Deborah is a Plant-based Nutritionist who holds a Master of Science degree in Nutrition. As a Nutritionist, Deborah is committed to the journey of helping people make lasting changes by adopting healthy habits for life, at their respective levels of readiness. In addition to her role as Community Health Nutritionist for the North West Bronx Food Justice Project, Deborah teaches Nutrition Education to middle schoolers in Harlem NY.

Meet Our Nutritionist - Deborah Johnson

Every Wednesday at 11 AM
Meet Our Nutritionist - Deborah Johnson

NW Bronx Food Justice Project Nutritionist Deborah Johnson is out in the Community every Wednesday morning to speak with community members one-on-one, answer nutrition questions, and hand out informational fliers to take home. You will find her across the street from St. Stephens Church on the corner of 228th St. and Marble Hill Ave.


How could hunger soar if poverty does not? The possible explanations shed light on how people are faring in the worst economic crisis since the Great Depression. And they bear on the deadlocked policy debate between Congress and the Trump administration over whether to continue expanded jobless benefits, which expire in several days.


Resources

Food Resources in the Northwest Bronx

NYC Food Delivery Program -  click here to get information on food delivery
 

Grab-and-go mealsClick here to find a location near you

  • text "NYC FOOD" or "COMIDA" to 877-877.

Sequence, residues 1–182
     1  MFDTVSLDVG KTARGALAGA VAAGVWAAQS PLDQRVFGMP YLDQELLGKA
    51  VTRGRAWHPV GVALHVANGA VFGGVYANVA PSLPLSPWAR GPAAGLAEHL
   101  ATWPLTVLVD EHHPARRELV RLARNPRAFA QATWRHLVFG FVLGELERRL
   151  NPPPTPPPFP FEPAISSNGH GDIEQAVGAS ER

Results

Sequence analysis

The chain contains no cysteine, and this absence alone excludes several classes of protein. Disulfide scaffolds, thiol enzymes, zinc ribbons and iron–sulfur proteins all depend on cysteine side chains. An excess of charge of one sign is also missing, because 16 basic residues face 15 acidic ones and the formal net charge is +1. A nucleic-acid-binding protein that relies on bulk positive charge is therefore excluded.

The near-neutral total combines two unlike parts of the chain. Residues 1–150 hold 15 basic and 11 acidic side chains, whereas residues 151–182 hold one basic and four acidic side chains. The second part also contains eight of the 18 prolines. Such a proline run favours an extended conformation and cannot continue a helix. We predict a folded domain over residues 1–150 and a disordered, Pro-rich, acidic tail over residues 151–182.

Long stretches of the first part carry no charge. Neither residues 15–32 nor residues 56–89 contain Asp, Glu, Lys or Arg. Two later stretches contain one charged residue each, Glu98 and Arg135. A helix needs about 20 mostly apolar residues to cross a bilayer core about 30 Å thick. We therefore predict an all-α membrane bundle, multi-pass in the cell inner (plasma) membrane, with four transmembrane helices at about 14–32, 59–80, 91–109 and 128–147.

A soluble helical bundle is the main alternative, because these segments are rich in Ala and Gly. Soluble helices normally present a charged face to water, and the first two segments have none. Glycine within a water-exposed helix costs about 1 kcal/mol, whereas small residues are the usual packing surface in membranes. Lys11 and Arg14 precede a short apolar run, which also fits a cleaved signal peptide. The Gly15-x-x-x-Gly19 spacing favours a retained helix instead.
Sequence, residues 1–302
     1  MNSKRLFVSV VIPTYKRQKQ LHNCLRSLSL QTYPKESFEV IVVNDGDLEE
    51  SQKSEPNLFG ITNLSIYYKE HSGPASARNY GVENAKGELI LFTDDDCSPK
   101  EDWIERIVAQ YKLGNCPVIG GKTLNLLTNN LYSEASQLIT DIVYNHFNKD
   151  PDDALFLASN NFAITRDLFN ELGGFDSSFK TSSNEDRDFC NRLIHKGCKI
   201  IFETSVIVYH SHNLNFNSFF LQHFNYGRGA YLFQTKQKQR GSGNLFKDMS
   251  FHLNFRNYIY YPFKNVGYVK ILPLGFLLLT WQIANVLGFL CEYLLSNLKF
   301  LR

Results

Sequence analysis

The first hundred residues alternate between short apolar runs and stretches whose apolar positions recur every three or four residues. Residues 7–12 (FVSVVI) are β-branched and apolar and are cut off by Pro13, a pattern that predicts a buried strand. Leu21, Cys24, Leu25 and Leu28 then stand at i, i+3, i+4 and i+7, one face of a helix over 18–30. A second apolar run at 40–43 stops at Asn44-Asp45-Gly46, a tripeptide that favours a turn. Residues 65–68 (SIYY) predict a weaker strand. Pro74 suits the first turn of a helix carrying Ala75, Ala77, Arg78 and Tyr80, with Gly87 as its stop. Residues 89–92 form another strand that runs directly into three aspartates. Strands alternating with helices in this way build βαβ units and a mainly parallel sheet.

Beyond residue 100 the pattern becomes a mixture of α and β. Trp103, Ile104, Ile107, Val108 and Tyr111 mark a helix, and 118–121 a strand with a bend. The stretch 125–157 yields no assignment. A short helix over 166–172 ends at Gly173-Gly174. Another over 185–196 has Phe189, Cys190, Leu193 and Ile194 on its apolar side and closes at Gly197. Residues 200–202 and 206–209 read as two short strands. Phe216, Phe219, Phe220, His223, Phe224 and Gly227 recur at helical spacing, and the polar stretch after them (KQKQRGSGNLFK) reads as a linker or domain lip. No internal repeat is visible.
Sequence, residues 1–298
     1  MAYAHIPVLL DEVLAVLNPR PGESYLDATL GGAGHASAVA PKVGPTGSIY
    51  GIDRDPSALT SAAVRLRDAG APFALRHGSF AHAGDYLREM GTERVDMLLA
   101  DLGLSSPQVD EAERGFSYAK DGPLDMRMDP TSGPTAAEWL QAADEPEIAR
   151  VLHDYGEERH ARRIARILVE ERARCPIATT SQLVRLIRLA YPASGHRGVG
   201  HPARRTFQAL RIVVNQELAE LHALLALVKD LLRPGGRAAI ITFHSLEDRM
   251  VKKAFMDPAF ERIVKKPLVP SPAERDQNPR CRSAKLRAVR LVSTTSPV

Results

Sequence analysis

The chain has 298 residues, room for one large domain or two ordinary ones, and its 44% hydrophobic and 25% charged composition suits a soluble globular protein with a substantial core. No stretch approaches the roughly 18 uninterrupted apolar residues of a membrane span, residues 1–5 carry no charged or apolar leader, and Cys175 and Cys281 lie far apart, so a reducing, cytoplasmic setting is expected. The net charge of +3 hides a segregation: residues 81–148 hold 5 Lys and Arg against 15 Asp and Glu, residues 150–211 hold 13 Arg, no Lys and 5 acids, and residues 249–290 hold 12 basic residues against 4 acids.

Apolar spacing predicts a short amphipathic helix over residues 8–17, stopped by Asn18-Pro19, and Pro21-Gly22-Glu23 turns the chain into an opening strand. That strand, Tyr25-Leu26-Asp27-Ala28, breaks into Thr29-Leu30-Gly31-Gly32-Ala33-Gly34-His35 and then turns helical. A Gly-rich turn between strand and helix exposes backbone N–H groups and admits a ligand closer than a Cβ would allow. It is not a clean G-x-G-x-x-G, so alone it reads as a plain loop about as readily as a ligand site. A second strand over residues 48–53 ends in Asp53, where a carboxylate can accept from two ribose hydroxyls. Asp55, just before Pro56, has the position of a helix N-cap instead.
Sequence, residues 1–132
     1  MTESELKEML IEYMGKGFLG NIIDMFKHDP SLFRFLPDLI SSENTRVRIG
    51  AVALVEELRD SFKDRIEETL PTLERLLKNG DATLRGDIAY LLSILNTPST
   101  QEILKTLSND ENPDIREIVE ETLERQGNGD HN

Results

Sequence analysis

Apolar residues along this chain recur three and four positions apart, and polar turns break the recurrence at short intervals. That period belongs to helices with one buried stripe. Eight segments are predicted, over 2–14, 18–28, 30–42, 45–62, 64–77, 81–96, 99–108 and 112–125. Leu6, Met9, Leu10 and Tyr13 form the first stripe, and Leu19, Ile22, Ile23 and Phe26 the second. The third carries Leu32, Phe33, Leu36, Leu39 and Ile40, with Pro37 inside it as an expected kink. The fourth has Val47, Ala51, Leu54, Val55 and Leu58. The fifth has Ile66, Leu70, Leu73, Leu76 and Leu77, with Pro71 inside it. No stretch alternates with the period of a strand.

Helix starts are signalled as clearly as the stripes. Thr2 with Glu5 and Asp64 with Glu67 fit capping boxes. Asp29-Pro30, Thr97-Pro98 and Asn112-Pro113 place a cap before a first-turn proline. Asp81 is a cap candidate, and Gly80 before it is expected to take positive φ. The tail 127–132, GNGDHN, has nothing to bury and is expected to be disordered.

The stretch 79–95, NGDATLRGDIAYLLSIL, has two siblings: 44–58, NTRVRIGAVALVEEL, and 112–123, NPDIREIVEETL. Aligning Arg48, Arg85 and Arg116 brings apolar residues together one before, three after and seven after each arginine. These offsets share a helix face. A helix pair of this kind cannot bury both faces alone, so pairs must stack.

KHCC Food Pantry at Kingsbridge Heights Community Center - 3101 Kingsbridge Terrace at Summit Place. For more information go to:

RAIN - Cucina Dolores provides free meals throughout the Bronx: Click here to find out more about food delivery for homebound seniors (over 60) 

  • 2call RAIN directly at 718-892-5520.

Imperfect Food has created the Reduced Cost Box Program during the COVID crisis for people who meet the income qualifications for SNAP . 

  • Click here to find out more about getting reduced cost fresh fruits and vegetables. 
  • Free delivery to seniors who qualify. 

Online nutrition education and cooking classes: offered by Community Health and SNAP-Ed program for youth, adults, and older adults.

  • Email Shamika Reddon at sreddon@bronxworks.org for more information

Food Justice: A Growing Movement

Food Justice is the right of all people to have access to healthy food that is local, affordable and culturally appropriate.Food Justice: A Growing Movement (2006) explores the concept and implementation of Food Justice on the local level in several communities in California.... Creative Commons copyright 2006, Ribs and Tux productions (Martina Brimmer and Zora Tucker)

 


Coronavirus Pandemic Is Making America’s Food Deserts Worse

Parts of the NW Bronx is considered a food desert. Food deserts, or neighborhoods where residents have limited access to a grocery store, exist in every U.S. state. The coronavirus pandemic is making that scarcity even worse.

In this video NBC News’ Blayne Alexander talks to Americans trying to bring fresh fruits and vegetables to their communities.»


Hunger and Health are deeply connected.

When people don’t have enough food or have to choose inexpensive foods with low-nutritional value, it can seriously impact their health. Learn how hunger can affect the daily lives of 1 in 9 Americans:

For further information go to Feeding America https://www.feedingamerica.org/hunger-in-america/impact-of-hunger/hunger-and-nutrition